From Ming the Mechanic
The NewsLog of Flemming Funch
What is a "polymath"?
Dictionary.com : A person of great or varied learning; one acquainted with various subjects of study
Polymath is from Greek polymathes, having learned much, from poly-, much + manthanein, to learn.
You could also call it a comprehensivist. Waldzell : A polymath, as defined here, is a person with the knowledge and expertise of a specialist in several, usually non-overlapping, domains of knowledge or expertise. A comprehensive polymath, or comprehensivist, is a polymath with the ability to synthesize knowledge and expertise from any combination of domains.
Some definitions describe it as some kind of genius, but that is not necessarily the point, even if the most famous polymaths probably have extraordinary genius. Think Leonardo da Vinci. But the point is probably rather a wide range of interest and general knowledge, and a certain urge to tinker with different things. Polymath Society : The dictionary definition of a polymath is a very learned person, of encyclopedic knowledge. There is also the connotation of having an understanding deeper than that found in an encyclopedia, that is, an expert in many fields.
Anyone can be a polymath as long as he or she has the right motivation. A polymath is not necessarily a brain. In fact, a polymath usually does not think of his or herself as being particularly smart, only curious. Curiosity and interest are the true motivation for work, both intellectual work and the nitty gritty of hands on inventing. Thomas Edison said that genius is 99% perspiration and 1% inspiration. He had a passion for getting his hands dirty, for tinkering, for inventing through trial and error. The polymath makes lots of mistakes. This is how new sciences are created.
I haven't really used the word polymath much, but I've often said that I'm a comprehensivist. As mentioned, one sign might be one is skilled in several apparently unrelated areas. Which might seem puzzling to others, but which usually fits together as facets of a bigger picture, even if it might be invisible to anybody else but that person.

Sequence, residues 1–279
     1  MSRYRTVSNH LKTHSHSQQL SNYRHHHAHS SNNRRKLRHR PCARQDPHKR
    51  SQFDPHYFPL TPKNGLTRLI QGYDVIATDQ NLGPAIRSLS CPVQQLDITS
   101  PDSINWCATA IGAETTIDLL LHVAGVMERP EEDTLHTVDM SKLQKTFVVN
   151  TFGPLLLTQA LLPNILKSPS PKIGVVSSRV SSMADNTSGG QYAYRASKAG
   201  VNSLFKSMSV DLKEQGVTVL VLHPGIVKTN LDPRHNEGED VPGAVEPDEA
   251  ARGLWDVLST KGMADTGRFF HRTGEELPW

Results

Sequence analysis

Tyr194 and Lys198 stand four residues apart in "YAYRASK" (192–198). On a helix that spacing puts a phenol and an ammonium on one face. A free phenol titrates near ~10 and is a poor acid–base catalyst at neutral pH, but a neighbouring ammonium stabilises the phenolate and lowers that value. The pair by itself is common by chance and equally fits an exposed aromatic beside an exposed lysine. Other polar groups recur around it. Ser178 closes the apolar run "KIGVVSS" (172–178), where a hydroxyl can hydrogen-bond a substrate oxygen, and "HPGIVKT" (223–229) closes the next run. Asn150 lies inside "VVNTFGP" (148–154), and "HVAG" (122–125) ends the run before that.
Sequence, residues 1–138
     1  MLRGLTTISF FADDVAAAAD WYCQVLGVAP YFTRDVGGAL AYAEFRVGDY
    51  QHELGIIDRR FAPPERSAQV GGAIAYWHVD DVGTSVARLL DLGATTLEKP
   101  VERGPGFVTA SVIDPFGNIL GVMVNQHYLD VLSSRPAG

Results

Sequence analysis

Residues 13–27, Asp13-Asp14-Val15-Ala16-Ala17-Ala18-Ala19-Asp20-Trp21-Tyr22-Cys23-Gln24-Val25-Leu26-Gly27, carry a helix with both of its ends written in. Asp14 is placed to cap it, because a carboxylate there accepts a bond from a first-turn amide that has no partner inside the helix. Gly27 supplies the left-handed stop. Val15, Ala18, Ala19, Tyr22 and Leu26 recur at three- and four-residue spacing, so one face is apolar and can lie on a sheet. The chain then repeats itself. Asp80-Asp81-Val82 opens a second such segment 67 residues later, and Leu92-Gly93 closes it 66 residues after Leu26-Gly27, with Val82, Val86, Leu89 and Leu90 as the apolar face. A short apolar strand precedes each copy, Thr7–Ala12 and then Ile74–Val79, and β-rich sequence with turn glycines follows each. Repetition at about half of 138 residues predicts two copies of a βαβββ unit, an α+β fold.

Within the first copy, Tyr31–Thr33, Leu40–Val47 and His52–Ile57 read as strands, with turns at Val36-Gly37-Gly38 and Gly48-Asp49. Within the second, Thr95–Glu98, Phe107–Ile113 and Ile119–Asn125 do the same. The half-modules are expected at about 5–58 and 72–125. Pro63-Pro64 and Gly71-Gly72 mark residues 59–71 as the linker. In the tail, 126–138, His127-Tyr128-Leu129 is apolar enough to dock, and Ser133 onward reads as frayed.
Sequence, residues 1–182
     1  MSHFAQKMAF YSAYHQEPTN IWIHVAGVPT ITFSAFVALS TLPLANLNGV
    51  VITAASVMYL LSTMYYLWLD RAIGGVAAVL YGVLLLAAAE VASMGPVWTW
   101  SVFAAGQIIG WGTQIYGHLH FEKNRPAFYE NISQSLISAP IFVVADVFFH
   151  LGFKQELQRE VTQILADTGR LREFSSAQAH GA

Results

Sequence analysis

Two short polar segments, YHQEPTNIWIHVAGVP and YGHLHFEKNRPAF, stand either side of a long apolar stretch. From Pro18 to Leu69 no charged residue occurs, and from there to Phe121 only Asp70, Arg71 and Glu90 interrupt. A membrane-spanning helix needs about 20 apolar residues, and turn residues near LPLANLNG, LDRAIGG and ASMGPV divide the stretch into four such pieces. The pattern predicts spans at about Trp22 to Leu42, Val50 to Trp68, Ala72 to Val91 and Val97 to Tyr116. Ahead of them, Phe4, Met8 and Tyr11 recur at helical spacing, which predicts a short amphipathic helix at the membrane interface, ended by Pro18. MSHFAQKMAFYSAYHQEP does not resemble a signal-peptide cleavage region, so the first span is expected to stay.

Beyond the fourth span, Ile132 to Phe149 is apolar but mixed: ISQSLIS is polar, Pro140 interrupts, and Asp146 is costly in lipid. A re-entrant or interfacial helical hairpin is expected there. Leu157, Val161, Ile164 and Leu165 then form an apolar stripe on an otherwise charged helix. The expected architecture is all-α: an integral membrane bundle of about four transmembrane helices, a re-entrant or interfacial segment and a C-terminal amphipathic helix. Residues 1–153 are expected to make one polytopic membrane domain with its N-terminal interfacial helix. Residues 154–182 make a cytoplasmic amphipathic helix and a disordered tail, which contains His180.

Of course, calling oneself a polymath or comprehensivist can also be a cover for scattering oneself over many subjects without really getting anywhere with any of them. A euphemism for Attention Deficit Disorder. Well, I'm gonna leave that alone.
The part I identify with is not particularly being a very learned person. I personally don't really have much to show for any extensive learning, certainly not in any academic field. Maybe rather the part about being able to synthesize knowledge and expertise from any combination of domains. Or the ability to span domains, and connect up different fields. People who only are specialists in one field might not notice the potentially valuable connections that field has with other very different fields. Somebody who has learned both fields might. But it is not necessarily needed to be thoroughly trained in both fields. It might simply be that one is tuned into looking for connections and synergies.
And it might be that one is looking for something with doesn't quite fit in any category, any specialized field. Something that is found in a lot of fields, but which also is a little beyond all of them. For example, a certain connection between all things. The patterns that the whole is moving in. Maybe a certain aestetic. A certain sense of something that needs to be expressed.
A few more recent writings on polymaths: Suw Charman wrote about A polymath in an age of specialists. Julian Elve about the Unpredictable Emergence of Learning. Mentions by Seb Paquet , Jim McGee. Julian adds up some key points:
-- Generalist / Polymath learning exists, contributes knowledge and helps the horizontal distribution of knowledge;
-- The public, linked, asynchronous nature of blogs and related technologies both exposes conversations to a wider pool of people and helps the ideas start to flow before any face-to-face meeting;
-- The benefits of any specific piece of knowledge are not always forseeable until the right combination of circumstances and other people arises � in other words unpredictable emergent behaviour.
OK, so we need people who go around combining things, poking into different fields, trying to connect things up. Agents of Emergence, I suppose. Looking for synergies, looking for things that might be possible. Or maybe just fluttering about and cross-polinating things by accident.
And, yes, clearly blogging in a useful tool for all of this.
by Flemming Funch